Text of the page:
My good friend Lucky Murari got married recently and that took me to his hometown, Hyderabad.
The last time I went to Hyderabad was during my 12th grade when our batch went on a 6 day pleasure trip.
A lot has changed since then. The current state of Telengana was still part of Andra Pradesh. You might find this hard to believe, I disliked travel back then and hated train journeys even more.
Just as I arrived at Lucky’s home, their parents being the generous hosts they are and it being a wedding house, I was immediately served lunch. I instantly loved the food in front of me.
I had been away from India for about 8 months at that point, so my taste buds were craving for the complexity of flavours that only a heavy dose of Indian spices can deliver. And boy, Hyderabadis love their food spicy!
My previous experience with Hyderabadi food was just their biryani. I am not a huge fan of the same and I think it’s a bit over hyped. Not that it isn’t great, don’t get me wrong, but we do have amazing biryianis in Kerala and a lot more styles than what I have tasted in Hyderabad.
What excited me about the lunch was the liberal use of tamarind in the curries and sides. Malayali’s crave for fish curries prepared with Kudampuli and associate it as a delicacy. And when similar tastes come by we are in love!
Being away from home forced me to start cooking and soon I realized that I loved cooking. It relaxes me and I love how something I cooked can sometimes surprise my taste buds.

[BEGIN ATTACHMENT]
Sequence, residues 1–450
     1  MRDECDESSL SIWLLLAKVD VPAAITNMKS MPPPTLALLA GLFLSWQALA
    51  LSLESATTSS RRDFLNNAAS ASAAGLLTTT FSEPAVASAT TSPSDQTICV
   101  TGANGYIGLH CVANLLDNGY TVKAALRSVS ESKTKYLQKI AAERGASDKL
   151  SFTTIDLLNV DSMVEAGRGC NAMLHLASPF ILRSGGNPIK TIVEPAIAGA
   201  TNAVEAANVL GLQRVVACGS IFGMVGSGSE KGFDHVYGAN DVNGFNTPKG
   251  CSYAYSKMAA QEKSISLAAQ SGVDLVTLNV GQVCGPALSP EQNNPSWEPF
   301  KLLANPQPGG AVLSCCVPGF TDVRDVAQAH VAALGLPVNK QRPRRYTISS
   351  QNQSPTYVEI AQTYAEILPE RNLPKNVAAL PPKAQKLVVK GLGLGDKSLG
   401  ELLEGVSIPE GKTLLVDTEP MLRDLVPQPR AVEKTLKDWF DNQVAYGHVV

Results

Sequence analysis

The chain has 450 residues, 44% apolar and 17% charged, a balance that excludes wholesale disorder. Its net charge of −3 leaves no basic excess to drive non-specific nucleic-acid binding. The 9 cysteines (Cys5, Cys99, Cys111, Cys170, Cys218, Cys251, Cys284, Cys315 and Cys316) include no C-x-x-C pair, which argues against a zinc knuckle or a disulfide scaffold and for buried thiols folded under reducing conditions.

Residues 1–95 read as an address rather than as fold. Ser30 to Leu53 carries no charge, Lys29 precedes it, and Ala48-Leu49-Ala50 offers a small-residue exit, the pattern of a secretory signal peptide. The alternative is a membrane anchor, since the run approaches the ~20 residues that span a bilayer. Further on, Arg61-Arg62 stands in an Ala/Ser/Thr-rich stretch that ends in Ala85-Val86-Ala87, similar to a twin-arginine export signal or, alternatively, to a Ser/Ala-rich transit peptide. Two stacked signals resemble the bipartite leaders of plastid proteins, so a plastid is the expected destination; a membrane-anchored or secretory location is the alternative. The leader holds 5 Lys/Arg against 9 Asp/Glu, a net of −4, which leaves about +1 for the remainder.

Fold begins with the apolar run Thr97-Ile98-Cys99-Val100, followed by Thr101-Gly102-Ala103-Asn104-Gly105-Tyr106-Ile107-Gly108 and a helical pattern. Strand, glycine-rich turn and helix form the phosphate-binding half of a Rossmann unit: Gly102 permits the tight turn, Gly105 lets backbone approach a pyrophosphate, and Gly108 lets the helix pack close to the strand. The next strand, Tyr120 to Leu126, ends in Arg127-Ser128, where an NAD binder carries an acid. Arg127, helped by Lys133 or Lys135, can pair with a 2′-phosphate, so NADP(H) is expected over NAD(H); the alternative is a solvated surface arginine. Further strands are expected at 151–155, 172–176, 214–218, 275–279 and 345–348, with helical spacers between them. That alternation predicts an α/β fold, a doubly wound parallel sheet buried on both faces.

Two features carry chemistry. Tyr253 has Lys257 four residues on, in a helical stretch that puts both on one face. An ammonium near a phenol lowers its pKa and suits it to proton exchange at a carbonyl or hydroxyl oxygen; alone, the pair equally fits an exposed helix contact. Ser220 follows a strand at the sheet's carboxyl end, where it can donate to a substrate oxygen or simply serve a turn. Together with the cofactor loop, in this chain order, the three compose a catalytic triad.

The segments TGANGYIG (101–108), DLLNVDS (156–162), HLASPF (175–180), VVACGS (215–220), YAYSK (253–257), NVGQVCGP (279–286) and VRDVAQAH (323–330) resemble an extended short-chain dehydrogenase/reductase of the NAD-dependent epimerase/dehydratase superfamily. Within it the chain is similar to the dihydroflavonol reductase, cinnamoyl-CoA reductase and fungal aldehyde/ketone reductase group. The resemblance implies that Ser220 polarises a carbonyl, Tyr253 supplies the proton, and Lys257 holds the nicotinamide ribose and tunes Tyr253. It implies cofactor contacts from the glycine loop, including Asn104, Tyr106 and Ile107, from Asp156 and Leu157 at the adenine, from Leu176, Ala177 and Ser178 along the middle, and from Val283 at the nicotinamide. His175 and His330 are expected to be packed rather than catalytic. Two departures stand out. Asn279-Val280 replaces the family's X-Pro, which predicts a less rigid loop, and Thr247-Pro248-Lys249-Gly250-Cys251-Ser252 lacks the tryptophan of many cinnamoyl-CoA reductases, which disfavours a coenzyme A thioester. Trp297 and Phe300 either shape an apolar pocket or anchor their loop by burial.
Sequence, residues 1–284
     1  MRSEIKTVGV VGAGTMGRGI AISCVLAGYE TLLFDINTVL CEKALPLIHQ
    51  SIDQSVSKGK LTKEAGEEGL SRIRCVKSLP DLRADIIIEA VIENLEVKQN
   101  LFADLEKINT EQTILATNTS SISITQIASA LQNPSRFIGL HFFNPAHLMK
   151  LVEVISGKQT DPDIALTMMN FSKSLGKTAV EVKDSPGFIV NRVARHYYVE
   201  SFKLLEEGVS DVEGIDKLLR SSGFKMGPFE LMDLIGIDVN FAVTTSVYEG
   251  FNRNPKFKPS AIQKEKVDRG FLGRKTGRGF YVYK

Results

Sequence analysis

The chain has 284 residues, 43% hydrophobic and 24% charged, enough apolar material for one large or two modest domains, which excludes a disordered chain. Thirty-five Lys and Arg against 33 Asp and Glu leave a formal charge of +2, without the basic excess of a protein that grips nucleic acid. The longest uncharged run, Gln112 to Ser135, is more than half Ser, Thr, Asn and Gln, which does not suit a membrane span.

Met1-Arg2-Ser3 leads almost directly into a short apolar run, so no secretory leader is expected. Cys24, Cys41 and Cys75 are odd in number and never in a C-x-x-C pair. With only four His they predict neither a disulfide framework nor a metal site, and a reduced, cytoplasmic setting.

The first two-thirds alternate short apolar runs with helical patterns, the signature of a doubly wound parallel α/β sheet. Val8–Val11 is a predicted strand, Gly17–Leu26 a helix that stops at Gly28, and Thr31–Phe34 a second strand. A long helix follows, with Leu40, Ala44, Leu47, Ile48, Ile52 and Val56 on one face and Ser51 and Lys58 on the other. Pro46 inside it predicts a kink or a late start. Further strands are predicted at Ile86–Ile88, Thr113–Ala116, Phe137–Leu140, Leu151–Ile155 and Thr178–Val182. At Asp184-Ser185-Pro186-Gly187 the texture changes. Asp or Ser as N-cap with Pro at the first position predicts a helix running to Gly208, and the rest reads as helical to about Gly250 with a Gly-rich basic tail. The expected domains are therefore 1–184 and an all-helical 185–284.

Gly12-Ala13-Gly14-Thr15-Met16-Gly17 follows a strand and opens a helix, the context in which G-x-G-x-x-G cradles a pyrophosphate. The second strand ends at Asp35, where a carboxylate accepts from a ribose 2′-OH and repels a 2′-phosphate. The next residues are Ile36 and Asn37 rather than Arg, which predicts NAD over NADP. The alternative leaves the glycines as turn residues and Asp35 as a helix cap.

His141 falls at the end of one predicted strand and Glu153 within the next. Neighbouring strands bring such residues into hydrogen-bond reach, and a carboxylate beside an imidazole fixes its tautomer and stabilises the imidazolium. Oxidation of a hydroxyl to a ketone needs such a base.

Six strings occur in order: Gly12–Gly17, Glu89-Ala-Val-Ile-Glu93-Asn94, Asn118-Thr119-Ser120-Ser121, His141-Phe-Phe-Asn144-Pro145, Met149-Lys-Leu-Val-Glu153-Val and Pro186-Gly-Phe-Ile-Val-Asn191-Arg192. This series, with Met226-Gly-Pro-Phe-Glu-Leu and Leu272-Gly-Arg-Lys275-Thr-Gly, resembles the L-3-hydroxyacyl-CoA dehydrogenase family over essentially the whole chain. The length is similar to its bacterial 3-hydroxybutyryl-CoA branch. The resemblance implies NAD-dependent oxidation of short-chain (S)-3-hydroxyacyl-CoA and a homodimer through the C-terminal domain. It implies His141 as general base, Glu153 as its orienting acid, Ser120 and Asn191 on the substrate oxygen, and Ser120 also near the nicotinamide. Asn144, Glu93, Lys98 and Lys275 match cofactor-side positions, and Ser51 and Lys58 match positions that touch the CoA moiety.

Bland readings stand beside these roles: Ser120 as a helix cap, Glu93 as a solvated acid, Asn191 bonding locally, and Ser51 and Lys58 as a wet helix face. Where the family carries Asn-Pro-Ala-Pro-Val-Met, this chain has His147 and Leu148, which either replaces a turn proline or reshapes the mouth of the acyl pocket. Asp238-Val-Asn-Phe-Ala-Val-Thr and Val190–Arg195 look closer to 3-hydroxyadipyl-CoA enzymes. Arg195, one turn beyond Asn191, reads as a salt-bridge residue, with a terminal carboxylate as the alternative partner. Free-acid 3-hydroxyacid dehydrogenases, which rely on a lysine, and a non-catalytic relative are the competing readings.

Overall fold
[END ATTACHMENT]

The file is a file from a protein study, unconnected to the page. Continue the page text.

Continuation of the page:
(That makes me sound like a fabulous cook, I promise it’s just fancy words. In reality all I make is eggs, potatoes, noodles and pasta. lol)
Like most people who cook, I often collect recipes of the things I love and I decided that I was going to learn how to make some of the sides from Lucky’s mom.
Lucky’s mom, Padma took me under her wing. I was about to find out how well she knew cooking and how incredible she was.
We had no common language. Apparently if you hangout with someone long enough and you try, you will be able to communicate. Maybe that is how early human beings communicated and came up with a language?
She is very intelligent. She knows why some things are done some ways. She understands the science behind cooking and always explained to me with reasons instead of just saying that’s how it should be.
She had a solution for everything. What happens if it’s too salty, or too bitter.
She also understood nutrition. She told me why we she used raw ingredients to preserve the vitamins.
Moms (or the person who cooks) influence the health of the entire family and having a mom who understands nutrition is very important to stay healthy. We often take that for granted.
Growing up I remember how my mother would always limit the amount of junk food I ate. And we as Indians are lucky in general because our cuisine is loaded with spices. Various spices, along with their flavour, also bring essential micro nutrients.
Amongst everything I tried, I was floored by her tomato pickle. I loved it so much that I was having it with breakfast, lunch and dinner.
She made a new batch and showed me how it’s done. She gave me a theory lesson first and then I watched her do it.
There are some things that you can only learn by doing it, but you can get a pretty good idea by watching someone do it.
Having had the opportunity to learn from someone who knew so much and with so much patience, I felt so humbled.
Yesterday, I finally made it at home.
Of course, it didn’t turn up as good as how she made it, but it was pretty good and my resident food critic, my dad, approved it. It should be better the next time.
I am not sure if the recipe for the same interests any of my readers (maybe Ajith Edassery?). I should probably make that into a post for itself. However, if you wish to try it, you are welcome to come visit.
Thank you Padma aunty for teaching me!
p.s: Since this was about cooking and my time with Lucky’s mom, I have missed out on two important characters to the story. His dad and his brother. I spent about a week in his home and loved hanging out with both of them.
Lucky’s dad is a tea lover and a maths teacher. His brother is a traveler like me. We had so much in common to talk about and we bonded very well.